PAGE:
Background: Coronary computed tomography angiography (CCTA) allows for non-invasive assessment of obstructive coronary artery disease (CAD) beyond measures of stenosis severity alone. This assessment includes atherosclerotic plaque characteristics (APCs) and calculation of fractional flow reserve (FFR) from CCTA (FFRCT). Similarly, stress imaging by myocardial perfusion scintigraphy (MPS) provides vital information. To date, the diagnostic performance of integrated CCTA assessment versus integrated MPS assessment for diagnosis of vessel-specific ischemia remains underexplored. Methods: CREDENCE will enroll adult individuals with symptoms suspicious of CAD referred for non-emergent invasive coronary angiography (ICA), but without known CAD. All participants will undergo CCTA, MPS, ICA and FFR. FFR will be performed for lesions identified at the time of ICA to be ≥40 and <90 % stenosis, or those clinically indicated for evaluation. Study analyses will focus on diagnostic performance of CCTA versus MPS against invasive FFR reference standard. An integrated stenosis-APC-FFRCT metric by CCTA for vessel-specific ischemia will be developed from derivation cohort and tested against a validation cohort. Similarly, integrated metric by MPS for vessel-specific ischemia will be developed, validated and compared. An FFR value of ≤0.80 will be considered as ischemia causing. The primary endpoint will be the diagnostic accuracy of vessel territory-specific ischemia of integrated stenosis-APC-FFRCT measure by CCTA, compared with perfusion or perfusion-myocardial blood flow stress imaging testing, against invasive FFR. Discussion: CREDENCE will determine the performance of integrated CCTA metric compared to integrated MPS measure for diagnosis of vessel-specific ischemia. If proven successful, this study may reduce the number of missed diagnoses and help to optimally predict ischemia-causing lesions. Trial registration: ClinicalTrials.gov, NCT02173275. Registered on June 23, 2014.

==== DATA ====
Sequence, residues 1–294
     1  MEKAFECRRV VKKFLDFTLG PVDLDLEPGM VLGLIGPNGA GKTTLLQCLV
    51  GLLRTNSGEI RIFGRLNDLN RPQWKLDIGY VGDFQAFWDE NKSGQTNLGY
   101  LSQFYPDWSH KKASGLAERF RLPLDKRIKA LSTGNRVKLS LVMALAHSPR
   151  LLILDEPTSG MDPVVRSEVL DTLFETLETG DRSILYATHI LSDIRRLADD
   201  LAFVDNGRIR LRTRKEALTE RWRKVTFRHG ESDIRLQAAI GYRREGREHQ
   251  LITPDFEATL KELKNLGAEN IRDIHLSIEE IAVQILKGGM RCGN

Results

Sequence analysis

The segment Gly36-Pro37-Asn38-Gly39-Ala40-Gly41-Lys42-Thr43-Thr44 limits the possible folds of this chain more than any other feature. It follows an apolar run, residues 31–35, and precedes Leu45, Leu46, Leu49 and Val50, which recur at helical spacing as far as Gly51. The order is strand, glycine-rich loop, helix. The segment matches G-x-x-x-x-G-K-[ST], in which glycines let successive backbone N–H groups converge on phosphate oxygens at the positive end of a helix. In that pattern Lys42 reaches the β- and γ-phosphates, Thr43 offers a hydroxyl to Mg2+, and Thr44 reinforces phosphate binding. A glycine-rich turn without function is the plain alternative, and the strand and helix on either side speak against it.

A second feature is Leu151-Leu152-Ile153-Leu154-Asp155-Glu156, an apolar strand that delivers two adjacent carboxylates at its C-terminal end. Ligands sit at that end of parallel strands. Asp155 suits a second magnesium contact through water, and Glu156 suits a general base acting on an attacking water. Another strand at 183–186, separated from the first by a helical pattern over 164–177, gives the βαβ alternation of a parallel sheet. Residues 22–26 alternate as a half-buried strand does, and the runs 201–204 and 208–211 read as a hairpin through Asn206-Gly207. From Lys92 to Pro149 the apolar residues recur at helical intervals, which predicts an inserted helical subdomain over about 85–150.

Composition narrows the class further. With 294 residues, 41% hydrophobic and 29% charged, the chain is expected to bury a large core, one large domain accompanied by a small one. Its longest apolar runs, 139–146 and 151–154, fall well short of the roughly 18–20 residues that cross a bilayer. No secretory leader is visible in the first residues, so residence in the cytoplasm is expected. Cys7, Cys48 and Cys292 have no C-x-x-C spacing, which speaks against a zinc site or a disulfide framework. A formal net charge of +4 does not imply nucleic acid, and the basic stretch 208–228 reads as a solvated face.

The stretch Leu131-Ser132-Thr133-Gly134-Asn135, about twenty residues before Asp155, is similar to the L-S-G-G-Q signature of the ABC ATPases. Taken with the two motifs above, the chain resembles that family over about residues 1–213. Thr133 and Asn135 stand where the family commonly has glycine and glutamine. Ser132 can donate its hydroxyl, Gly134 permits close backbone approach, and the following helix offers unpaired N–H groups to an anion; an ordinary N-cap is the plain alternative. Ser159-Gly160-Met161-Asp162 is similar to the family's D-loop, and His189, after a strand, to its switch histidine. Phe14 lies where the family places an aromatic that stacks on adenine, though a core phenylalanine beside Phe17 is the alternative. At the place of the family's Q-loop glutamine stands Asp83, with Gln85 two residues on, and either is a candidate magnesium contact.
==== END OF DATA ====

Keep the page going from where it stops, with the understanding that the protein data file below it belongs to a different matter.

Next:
Bibliographical noteFunding Information:
This study was supported in part by a grant from the National Institutes of Health (R01HL118019). This study was also funded, in part, by a generous gift from the Dalio Institute of Cardiovascular Imaging and the Michael Wolk Foundation.
© 2016 The Author(s).
All Science Journal Classification (ASJC) codes
- Cardiology and Cardiovascular Medicine